Medical officials confirmed the causality figures, speaking on condition of anonymity as they were not authorized to release information. (AP)

3:25 P.M. UN High Commissioner for Human Rights Navi Pillay says Islamic State fighters reportedly killed up to 670 prisoners in Mosul and committed other horrific abuses in Iraq that amount to crimes against humanity.

The UN's top human rights official says the grave human rights violations carried out by the Islamic State group and other fighters allied with it include ruthlessly carrying out widespread ethnic and religious purges in areas under its control in an aggressive push to gain a firm grip on the northern and eastern provinces.

Pillay said a statement Monday the violations include targeted killings, forced conversions, abductions, trafficking, slavery, sexual abuse, destruction of places of religious and cultural significance, and besieging entire communities for ethnic, religious or sectarian reasons. (AP)

2:13 P.M. Iraqi officials say a suicide bomber hit a Shiite mosque in eastern Baghdad, killing at least 12 people.

A police officer says the bomber blew up his explosives-laden vest among worshippers as they were leaving the mosque after noon prayers in the New

Baghdad area. He added that at least 26 other people were wounded. A medical official confirmed the causality figures.

2:02 P.M. Iranian Foreign Minister Mohammad Javad Zarif and European Union foreign policy chief Catherine Ashton will hold talks in Brussels next Monday on Iran's nuclear program, the EU said on Monday.

"I can confirm that Lady Ashton will be meeting the Iranian foreign minister on Sept. 1 here in Brussels in the context of talks on Iran's nuclear program," Ashton's spokeswoman Maja Kocijancic told reporters. (Reuters)

2:00 P.M. United Nations human rights chief Navi Pillay condemns "appalling, widespread" crimes being committed by Islamic State forces in Iraq, including killings, slavery, sexual crimes and targeting people on ethnic or religious grounds.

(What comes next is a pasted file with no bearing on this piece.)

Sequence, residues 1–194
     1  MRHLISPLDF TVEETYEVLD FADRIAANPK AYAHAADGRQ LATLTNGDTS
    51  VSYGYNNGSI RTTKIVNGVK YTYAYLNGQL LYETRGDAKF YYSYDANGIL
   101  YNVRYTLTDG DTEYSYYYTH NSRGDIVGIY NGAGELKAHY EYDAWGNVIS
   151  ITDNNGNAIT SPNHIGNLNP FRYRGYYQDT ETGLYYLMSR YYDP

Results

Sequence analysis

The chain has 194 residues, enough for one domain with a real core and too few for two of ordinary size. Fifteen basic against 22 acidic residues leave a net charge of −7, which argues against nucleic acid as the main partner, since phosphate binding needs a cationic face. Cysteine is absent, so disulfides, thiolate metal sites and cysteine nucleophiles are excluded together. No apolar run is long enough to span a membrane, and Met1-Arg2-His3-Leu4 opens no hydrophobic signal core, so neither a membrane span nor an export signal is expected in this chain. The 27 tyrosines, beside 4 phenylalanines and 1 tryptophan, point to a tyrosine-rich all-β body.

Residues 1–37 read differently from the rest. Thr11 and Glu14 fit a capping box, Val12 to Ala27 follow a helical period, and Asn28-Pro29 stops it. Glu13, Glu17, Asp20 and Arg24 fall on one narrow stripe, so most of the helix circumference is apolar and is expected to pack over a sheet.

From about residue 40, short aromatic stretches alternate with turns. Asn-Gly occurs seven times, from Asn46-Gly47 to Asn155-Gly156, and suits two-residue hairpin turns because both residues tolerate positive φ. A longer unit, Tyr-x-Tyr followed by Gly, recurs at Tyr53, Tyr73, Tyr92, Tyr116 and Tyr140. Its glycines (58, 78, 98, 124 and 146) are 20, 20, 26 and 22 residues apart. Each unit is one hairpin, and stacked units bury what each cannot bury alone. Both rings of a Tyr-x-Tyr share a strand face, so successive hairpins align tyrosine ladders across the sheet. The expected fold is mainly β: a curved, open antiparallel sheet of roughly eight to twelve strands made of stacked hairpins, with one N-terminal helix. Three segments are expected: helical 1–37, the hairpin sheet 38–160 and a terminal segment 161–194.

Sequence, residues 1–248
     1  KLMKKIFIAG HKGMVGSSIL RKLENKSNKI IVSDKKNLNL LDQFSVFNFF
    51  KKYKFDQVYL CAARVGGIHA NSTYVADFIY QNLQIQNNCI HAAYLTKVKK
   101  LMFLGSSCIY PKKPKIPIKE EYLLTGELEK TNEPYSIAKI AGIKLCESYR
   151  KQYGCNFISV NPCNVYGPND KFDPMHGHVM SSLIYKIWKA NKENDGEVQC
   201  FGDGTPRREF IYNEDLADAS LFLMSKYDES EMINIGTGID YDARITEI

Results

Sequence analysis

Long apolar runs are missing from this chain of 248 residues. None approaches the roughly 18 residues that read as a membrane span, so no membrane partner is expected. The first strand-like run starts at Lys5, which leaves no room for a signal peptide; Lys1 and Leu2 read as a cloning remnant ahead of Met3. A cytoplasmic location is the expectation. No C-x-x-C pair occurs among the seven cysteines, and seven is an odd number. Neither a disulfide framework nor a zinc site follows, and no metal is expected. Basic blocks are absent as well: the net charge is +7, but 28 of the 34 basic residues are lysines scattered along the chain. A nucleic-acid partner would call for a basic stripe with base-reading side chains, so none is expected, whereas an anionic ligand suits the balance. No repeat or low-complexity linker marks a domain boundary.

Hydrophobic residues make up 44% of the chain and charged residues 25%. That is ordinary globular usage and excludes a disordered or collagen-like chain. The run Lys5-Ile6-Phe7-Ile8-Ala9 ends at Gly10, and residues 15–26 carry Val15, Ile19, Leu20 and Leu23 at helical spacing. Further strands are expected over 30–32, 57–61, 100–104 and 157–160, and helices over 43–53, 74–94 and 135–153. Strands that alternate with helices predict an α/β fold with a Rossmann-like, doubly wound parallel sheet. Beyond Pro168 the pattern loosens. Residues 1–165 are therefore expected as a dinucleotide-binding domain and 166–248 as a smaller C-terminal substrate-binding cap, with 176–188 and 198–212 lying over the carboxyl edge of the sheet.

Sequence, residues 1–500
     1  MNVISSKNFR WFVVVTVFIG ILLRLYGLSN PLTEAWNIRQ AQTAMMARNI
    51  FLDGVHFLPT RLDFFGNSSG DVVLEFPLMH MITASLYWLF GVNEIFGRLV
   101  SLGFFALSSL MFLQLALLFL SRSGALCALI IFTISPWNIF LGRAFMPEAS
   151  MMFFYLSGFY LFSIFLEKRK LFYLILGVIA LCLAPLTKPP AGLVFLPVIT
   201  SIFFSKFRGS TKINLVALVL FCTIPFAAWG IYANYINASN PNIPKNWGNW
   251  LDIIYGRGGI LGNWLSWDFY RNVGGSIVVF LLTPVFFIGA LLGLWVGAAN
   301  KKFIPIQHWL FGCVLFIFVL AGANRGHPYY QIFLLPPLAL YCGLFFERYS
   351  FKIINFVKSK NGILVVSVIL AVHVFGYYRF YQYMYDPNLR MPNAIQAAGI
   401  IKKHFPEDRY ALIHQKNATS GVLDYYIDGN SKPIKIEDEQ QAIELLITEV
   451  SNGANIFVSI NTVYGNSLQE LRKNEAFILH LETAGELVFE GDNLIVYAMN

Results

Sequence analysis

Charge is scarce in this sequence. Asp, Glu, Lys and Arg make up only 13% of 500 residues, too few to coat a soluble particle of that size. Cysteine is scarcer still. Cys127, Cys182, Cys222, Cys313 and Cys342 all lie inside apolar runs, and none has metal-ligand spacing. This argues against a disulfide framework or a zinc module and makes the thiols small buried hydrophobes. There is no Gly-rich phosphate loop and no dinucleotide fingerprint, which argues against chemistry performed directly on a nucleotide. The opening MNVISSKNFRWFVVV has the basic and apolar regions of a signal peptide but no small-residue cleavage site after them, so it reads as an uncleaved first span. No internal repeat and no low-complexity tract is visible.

The persecution and systematic violations, documented by UN human rights investigators, would amount to crimes against humanity and war crimes under international law, she said in a statement.

"Grave, horrific human rights violations are being committed daily by ISIL and associated armed groups," Pillay said. "They are systematically targeting men, women and children based on their ethnic, religious or sectarian affiliation and are ruthlessly carrying out widespread ethnic and religious cleansing in the areas under their control." (Reuters) 

1:49 P.M. Syria's foreign minister has warned the U.S. not to conduct airstrikes inside Syria against the Islamic State group without Damascus' consent.

Walid al-Moallem says such an act "by anyone," without the approval from President Bashar Assad's government, would be a violation of Syrian sovereignty and would be considered an aggression.

But the top Syrian diplomat also said on Monday that Syria is ready to work with regional states and the international community in the war on terror amid the onslaught of Islamic militants.

Al-Moallem's remarks at a press conference in Damascus marked the first public comments by a senior Assad official on the threat posed by the Islamic State, which has captured large swaths of Iraqi and Syrian territory.

Al-Moallem denounced the Islamic State's killing of U.S. journalist James Foley. (AP)

1:46 P.M. Germany has no diplomatic contacts with the government of Syrian President Bashar Assad and has no plans to rekindle ties because of the threat posed by the militant group Islamic State, a spokesman for the German foreign ministry said on Monday. (Reuters) 

10:32 P.M. An American journalist kidnapped and held hostage for nearly two years by an Al-Qaida-linked group in Syria was released Sunday, less than a week after the horrific execution of American journalist James Foley by Islamic militants. A senior U.S. administration official said Curtis was being transported to Tel Aviv. (AP) Read the full article.